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Visitors to the Pennsylvania State Capitol Complex must use the public entrances – East Wing Entrance at the Fountain on Commonwealth Avenue (also the handicapped entrance), and the Main Rotunda Entrance at Third and State Streets; visit the website. Due to safety regulations, all tour groups, even those that are not conducted by General Assembly Tour Guides, are required to schedule their tours through The Pennsylvania Capitol office at 1 800 868-7672.

Learn about the following companies in the Directory: rooflite and Tremco.

Case Studies

rooflite; Tremco Commercial Sealants & Waterproofing; Celli-Flynn Brennan/Buchart Horn Architects; and Wikipedia.


Watch the 3:21 Pennsylvania State Capitol East Wing Plaza – Project of the Week 8/27/18 video from on the greenroofsTV channel on YouTube. Project of the Week 8/27/18 video photo credits: All courtesy of rooflite(R), except for Pennsylvania Capitol East Wing panorama.jpg and Pennsylvania_Capitol_East_Wing_panorama_2.jpg both by Niagara, Own work licensed under CC BY-SA 3.0 via Wikimedia Commons; Harrisburg,_Pennsylvania_State_Capitol_Building.jpg by kev72 licensed under CC BY-SA 2.0 via Wikimedia Commons; The Capitol Complex from; and 2 aerial screenshots from Google Maps

News Project of the Week for August 27, 2018: Pennsylvania State Capitol East Wing Plaza by Linda S. Velazquez; July 8, 2015 Ongoing renovations and repairs take over the Capitol Complex: take a look at what’s being upgraded by Morganne Mallon in PennLive;  October 8, 1989 A Bit of Old Athens on the Susquehanna by Paul Goldberger in The New York Times (PDF).

The Pennsylvania State Capitol building is a functional seat of government where laws are passed and the public policy is set for over 12 million residents of Pennsylvania. It is also a priceless architectural and artistic treasure, a majestic symbol of history and power, and an icon of democracy and freedom.

The Complex sits on the southwestern area of Harrisburg upon a broad hill facing westward toward the Susquehanna River. This third and current Capitol building was designed by architect Joseph Miller Huston in 1902-1906 in a Beaux-Arts style.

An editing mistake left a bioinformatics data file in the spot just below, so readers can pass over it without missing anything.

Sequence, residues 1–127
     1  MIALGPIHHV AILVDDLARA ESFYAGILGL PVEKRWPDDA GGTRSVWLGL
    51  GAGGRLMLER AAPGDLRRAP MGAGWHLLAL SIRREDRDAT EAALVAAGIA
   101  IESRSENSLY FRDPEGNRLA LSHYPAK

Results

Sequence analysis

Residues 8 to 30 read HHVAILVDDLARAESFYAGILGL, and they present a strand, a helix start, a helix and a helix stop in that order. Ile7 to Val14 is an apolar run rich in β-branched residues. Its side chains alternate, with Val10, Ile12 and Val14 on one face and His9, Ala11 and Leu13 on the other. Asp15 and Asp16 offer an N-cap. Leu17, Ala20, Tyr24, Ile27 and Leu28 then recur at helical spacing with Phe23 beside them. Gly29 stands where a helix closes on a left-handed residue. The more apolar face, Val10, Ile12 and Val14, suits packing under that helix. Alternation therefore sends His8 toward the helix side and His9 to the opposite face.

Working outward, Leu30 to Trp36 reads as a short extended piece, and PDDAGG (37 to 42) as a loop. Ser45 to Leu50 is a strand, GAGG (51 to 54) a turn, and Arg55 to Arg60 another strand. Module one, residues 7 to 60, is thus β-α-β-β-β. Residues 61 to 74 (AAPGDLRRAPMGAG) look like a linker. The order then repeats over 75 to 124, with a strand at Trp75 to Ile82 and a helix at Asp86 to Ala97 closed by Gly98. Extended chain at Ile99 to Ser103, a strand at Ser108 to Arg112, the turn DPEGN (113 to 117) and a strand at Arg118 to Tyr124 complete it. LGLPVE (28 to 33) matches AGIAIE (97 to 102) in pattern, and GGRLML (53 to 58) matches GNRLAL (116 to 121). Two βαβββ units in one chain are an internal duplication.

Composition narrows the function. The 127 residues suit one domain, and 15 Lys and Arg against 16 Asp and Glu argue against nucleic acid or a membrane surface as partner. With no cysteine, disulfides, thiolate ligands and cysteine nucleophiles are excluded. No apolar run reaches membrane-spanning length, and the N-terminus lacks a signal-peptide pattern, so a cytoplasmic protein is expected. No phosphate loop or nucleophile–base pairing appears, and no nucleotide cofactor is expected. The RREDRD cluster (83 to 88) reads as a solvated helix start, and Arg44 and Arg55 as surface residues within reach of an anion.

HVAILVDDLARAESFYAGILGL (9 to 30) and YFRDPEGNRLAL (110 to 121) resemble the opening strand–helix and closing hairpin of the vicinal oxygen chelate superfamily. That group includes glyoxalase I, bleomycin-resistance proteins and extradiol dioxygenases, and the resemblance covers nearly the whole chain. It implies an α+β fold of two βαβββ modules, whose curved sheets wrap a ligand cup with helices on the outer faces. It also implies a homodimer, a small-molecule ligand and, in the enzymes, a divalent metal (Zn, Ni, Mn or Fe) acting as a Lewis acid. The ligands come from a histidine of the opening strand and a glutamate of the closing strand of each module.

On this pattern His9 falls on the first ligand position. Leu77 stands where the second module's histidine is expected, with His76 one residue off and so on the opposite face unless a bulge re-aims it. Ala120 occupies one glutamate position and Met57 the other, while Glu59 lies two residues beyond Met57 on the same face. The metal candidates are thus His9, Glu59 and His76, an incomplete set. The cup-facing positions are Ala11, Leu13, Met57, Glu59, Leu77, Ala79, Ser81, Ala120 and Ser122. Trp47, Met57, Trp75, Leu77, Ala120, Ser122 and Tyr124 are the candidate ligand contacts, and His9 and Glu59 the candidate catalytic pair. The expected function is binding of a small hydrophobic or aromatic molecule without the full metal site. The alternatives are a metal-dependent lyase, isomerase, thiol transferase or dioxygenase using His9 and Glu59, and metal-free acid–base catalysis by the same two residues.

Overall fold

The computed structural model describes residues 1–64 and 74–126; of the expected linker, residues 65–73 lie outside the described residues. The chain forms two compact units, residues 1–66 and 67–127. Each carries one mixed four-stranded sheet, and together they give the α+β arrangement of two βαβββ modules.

The Pennsylvania State Capitol was listed on the U.S. National Register of Historic Places in 1977, and was designated a National Historic Landmark in 2006. Visitors are welcome to explore the Capitol building at their leisure, but see below regarding required scheduling.

The Pennsylvania State Capitol Complex is the sprawling home to Pennsylvania’s state government and features the East Wing, a 1987 addition to the complex, designed by Celli-Flynn Brennan in the post-modern style of the Italian Renaissance. The Pennsylvania State Capitol East Wing building is Winner of the 1986 Arthur Ross Award by Classical America.

“The main objective of the $140 million East Wing Addition project to the Pennsylvania State Capitol was to merge four existing National Landmark buildings into a complex serving more than 6,000 people. The merger was accomplished by building a 929,000 SF Legislative office Addition to the Capitol, connecting the four structures and 20,000 square feet of renovation and restoration of the existing building.

Above the underground garage, the new addition to the main Capitol Building incorporates a 250,000 square foot plaza, an office/concourse level connecting all buildings, and an additional 300,000 gross square feet of office space for the State House of Representatives and the Senate.” ~ Celli-Flynn Brennan/Buchart Horn Architects.